Reverse Your Finish For Squarer Hits

Reverse Your Finish For Squarer Hits

Today’s players are faster, but we were straighter because we found ways to keep the clubface square to the target line longer through impact.
George Tiedemann / SI

Editor’s Note: This is the first in a yearlong series featuring golf icon Johnny Miller and his takes on the best swing moves from golf’s greatest legends. To kick it off, we asked Miller to talk about a legend with whom he’s intimately familiar—himself.

Two things made my swing unique compared with what you see now on the PGA Tour: a weak grip, with the Vs formed by my thumbs and forefingers on both hands pointing at my left shoulder, and a reverse-C finish, with my back arched, lower body leaning toward the target and my head back. The reverse C wasn’t just for looks—shifting my upper body back on my downswing allowed me to keep the clubface square to the target line longer, and to move it straight down the line through the impact zone instead of cutting across. The reverse C is one of the reasons I was so accurate, especially with my irons. Guys like Jack Nicklaus, Tom Watson, Mike Reid and Calvin Peete—four of the straightest hitters ever to lace up a pair of spikes—also had reverse-C finishes. In 1986, Calvin hit every fairway at the Memorial Tournament all four days, and then did the same thing the very next year.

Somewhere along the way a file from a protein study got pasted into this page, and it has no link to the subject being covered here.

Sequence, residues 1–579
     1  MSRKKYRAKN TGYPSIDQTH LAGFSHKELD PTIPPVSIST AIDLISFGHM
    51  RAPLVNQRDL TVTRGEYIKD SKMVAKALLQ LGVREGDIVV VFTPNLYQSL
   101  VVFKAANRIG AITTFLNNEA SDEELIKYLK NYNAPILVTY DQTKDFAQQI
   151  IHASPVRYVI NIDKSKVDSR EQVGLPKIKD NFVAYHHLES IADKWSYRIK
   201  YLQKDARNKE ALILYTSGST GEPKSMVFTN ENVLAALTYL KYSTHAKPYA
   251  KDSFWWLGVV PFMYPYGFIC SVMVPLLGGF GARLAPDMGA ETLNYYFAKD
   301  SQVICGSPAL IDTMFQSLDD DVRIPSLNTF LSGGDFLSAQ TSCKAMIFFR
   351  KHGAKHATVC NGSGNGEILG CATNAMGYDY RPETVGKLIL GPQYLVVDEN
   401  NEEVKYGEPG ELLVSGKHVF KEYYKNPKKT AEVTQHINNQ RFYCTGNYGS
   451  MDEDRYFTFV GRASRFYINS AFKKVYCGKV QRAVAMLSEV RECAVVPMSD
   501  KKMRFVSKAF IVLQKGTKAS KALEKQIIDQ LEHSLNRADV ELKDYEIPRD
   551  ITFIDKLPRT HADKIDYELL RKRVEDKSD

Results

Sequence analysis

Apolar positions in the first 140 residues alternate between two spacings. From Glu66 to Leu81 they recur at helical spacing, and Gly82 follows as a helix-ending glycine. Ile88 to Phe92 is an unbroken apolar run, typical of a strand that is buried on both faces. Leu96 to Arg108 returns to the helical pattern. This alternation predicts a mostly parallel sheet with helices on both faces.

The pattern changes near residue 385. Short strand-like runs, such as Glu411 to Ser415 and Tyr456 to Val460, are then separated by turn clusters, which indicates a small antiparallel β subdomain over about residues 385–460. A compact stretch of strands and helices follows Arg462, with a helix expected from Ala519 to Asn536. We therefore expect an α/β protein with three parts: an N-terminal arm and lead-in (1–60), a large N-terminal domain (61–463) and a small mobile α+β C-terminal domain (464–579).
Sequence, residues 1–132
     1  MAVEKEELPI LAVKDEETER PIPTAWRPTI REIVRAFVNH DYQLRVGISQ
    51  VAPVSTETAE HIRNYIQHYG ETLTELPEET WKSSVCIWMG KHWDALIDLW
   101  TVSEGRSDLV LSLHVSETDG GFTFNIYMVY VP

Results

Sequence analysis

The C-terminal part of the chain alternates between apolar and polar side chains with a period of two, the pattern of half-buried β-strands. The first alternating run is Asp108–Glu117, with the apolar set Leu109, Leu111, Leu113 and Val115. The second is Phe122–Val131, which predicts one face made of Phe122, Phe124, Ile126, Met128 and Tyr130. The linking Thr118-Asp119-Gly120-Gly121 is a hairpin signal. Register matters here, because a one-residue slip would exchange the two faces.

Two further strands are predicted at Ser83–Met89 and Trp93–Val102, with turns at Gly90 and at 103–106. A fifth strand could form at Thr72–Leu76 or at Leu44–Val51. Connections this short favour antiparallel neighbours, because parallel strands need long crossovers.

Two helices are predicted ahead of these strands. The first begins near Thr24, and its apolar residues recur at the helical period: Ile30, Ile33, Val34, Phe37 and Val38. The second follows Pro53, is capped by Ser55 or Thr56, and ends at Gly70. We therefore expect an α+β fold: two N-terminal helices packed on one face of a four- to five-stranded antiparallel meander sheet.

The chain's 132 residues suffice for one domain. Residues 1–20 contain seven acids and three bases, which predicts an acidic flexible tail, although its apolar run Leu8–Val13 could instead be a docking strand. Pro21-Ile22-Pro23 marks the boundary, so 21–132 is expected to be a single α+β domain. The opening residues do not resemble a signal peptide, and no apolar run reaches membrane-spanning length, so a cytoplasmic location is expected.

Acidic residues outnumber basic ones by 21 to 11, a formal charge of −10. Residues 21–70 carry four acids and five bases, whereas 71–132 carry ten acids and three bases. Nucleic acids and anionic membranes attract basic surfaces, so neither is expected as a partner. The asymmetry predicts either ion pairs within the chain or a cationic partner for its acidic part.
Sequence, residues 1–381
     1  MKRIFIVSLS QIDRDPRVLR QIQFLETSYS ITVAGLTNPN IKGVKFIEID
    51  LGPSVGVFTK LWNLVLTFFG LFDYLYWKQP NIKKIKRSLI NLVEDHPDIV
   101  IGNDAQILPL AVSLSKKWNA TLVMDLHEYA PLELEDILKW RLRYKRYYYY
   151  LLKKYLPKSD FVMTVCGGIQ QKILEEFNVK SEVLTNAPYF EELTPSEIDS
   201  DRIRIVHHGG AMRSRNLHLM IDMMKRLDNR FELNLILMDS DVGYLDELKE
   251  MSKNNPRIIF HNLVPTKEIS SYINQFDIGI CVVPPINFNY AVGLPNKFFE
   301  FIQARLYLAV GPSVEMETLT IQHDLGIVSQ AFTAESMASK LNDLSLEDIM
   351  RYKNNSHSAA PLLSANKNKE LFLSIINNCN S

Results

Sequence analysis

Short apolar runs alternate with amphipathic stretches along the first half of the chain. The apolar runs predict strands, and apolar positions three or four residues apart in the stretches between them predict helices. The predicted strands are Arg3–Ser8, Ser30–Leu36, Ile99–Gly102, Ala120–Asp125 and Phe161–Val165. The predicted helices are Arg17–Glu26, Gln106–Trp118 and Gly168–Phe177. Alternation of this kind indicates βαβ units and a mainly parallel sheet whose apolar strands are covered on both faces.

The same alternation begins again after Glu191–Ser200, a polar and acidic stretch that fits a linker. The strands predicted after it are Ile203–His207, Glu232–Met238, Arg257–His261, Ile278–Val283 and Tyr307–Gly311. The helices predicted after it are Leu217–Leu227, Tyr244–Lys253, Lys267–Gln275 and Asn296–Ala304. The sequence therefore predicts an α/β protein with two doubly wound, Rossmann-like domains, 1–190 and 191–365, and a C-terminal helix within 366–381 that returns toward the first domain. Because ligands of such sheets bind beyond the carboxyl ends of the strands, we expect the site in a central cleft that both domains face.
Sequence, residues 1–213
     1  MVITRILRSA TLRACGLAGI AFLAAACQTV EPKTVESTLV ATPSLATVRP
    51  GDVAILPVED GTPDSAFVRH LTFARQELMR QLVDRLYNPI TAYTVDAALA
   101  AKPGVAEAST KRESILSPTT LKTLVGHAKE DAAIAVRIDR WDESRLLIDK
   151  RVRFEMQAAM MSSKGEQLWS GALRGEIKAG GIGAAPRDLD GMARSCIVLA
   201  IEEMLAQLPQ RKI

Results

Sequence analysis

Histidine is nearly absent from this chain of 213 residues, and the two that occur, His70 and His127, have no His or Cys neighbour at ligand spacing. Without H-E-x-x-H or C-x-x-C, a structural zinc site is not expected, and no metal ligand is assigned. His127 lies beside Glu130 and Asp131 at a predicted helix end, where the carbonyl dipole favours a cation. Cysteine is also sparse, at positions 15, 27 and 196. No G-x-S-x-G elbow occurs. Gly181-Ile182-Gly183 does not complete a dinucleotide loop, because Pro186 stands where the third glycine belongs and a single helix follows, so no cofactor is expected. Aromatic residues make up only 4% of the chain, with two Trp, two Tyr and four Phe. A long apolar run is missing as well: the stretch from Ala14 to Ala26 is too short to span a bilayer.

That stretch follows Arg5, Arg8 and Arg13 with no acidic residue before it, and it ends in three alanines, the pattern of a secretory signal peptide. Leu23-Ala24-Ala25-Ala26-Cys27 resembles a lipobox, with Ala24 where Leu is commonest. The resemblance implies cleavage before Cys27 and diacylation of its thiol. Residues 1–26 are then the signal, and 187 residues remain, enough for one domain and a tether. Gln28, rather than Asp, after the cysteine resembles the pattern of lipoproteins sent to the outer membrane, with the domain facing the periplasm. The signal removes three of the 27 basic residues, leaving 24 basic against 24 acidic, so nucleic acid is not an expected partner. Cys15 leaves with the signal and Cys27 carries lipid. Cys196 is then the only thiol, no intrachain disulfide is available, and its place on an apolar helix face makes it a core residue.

You don’t see the reverse C as much anymore—today’s players like to be more on top of the ball at impact and to create speed by rotating hard around their center. To me, that shrinks the amount of time the clubface is actually square to the target line to a fraction of a millisecond. Sure, it’s a faster swing, but it has a smaller margin for error, and those that use it often need three caddies to find the ball.

A reverse C happens naturally—you can’t force it. It results from solid swing mechanics, which you can get by working in front of a mirror. All the guys I know with great swings do mirror work. As a kid, I’d copy my favorite player’s technique out of books and magazines position by position, going from the printed page to the mirror at all the key points. If you’re struggling with your motion, this is the best—and only, really—way to get the moves you need to hit the ball farther and straighter.

This article first appeared in the March 2012 issue of Golf Magazine. The February issue is on newsstands and the tablet version is available for free for magazine subscribers on iPad, Kindle Fire, Nook Tablet, Nook Color and Samsung Galaxy Tab. Learn more